Does Skin Cycling Work?
Dermatologists get this question all the time, and it’s a difficult one to answer without a defined goal to reference. People try skin cycling for a variety of reasons. Whether it’s for reducing inflammation, eliminating acne, or evening skin tone, this regimen has been deemed effective at improving a variety of skin conditions.
However, there are a couple of things to keep in mind when deeming whether or not this regimen will work for you. First, consistency is key. Like many skincare products, your acne may get worse before it gets better. But stick with it, and you will likely see some benefit at some point. Sometimes harsh products like retinoids and exfoliants will purge the skin, drawing out the dirt and oil from the pores and causing what seems like more acne. If this happens to you, it’s normal. Dermatologists advise waiting at least two-to-four weeks before assessing skin cycling’s efficacy. Second, if you have more oily skin, you may need to increase how often you’re using exfoliants and retinoids to notice a positive change.
What Are the Benefits?
One of the benefits of skin cycling is that it balances between eliminating excess oil and dry skin while still repairing the skin barrier. Dr. Bowe, the founder of skin cycling, has voiced that one of the reasons why the regimen is designed this way is so that you get the greatest benefit out of your products. Some dermatologists find that too many products at once can actually cause more acne because your skin is fluctuating between being too dry and too oily – both of which can contribute to clogged pores and acne.
Another amazing perk to this regimen is that it’s simple. Kiss your 10-step skincare routine goodbye because all you’ll need are a handful of products to see productivity with skin cycling. Many patients complain that a multi-step regimen gets confusing because they can’t remember which products to layer with others. And beyond confusion, it can be damaging and highly irritating to your skin to layer certain products with others. For example, retinols should not be used on the same night as benzyl peroxide or other acids because they can cancel each other out and leave the skin with all the negative effects and no positives.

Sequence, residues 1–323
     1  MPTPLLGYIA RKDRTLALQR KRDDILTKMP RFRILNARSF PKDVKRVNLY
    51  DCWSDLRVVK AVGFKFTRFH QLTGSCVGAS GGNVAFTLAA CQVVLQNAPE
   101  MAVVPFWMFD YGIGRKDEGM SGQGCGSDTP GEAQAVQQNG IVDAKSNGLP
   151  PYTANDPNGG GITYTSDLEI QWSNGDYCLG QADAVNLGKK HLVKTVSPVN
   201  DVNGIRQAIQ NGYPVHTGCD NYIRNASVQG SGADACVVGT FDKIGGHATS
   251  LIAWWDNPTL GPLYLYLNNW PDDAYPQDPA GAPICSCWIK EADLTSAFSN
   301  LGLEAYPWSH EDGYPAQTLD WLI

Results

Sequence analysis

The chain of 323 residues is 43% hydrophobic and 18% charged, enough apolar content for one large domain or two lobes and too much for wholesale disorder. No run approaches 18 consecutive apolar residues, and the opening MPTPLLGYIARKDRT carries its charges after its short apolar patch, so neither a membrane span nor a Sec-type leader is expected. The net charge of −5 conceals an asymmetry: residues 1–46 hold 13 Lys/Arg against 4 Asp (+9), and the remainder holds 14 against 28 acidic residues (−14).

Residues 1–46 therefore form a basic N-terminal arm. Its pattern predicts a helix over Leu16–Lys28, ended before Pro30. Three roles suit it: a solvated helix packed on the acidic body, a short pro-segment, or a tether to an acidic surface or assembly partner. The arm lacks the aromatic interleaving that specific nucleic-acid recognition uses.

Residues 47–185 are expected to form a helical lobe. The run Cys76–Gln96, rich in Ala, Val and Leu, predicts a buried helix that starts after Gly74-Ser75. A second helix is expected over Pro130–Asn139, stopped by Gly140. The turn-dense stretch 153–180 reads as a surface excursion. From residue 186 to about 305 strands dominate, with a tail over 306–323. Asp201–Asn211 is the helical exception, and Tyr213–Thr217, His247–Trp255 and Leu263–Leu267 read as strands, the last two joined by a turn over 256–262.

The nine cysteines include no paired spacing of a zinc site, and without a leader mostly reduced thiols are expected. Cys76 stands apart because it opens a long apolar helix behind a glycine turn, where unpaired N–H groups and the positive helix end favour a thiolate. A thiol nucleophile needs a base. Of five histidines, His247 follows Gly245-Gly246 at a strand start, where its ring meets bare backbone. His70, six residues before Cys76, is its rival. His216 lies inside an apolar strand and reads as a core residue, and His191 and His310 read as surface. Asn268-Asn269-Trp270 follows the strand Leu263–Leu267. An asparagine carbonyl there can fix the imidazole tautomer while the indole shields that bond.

Skin cycling balances between eliminating excess oil and dry skin and repairing the skin barrier.
Skin cycling is beneficial because it focuses on repairing and restoring the skin barrier, unlike many other acne-eliminating regimens out there. And what many people don’t realize is that a healthy skin barrier is critical from not only a cosmetic standpoint, but also from a health standpoint. Your skin is your first line of defense from harsh chemicals, allergens, and bacteria. It’s important to keep it nourished and strong, and one of the best ways to do so is through moisturizing products full of vitamins and hydrating complexes.
Who Benefits From Skin Cycling?
Unfortunately, I’d be lying if I tried to claim that skin cycling works for everyone. The reality is that no skincare regimen will work for every single woman. Your success, or lack thereof, with skin cycling will depend on how dry or oily your skin is, how prone you are to acne, the level of harshness in the acids and retinoids you choose to use, etc. Acne is one of the greatest mysteries in dermatological studies because there is no one singular cause, nor is there one singular cure.
Skin cycling tends to work best at eliminating acne for those with at least semi-oily skin, because this type of skin responds better to exfoliants and retinoids. However, the great thing about skin cycling is that the timing can be adjusted to better fit your specific needs. If your skin can’t handle the drying effects of the harsher products, you may need to add in more days of moisturizing to help your skin barrier fully recover. Always talk to your dermatologist about what’s best for you.
As someone who has spent thousands of dollars on skincare over my teenage and early adult years, skin cycling is appealing to me because you’re not stuck within one brand or type of skincare. There are tons of affordable options of moisturizers, exfoliants, and even retinoids that can be used to skin cycle. Skincare is never a one-size fits all, and it’s also never a perfect solution to your problems. It’s a constant juggling act between keeping your skin hydrated but not overly oily, and unclogging pores without leaving skin flaky and vulnerable. Finding the right routine could take lots of trial and error, so be patient, do your research, and always consult your dermatologist.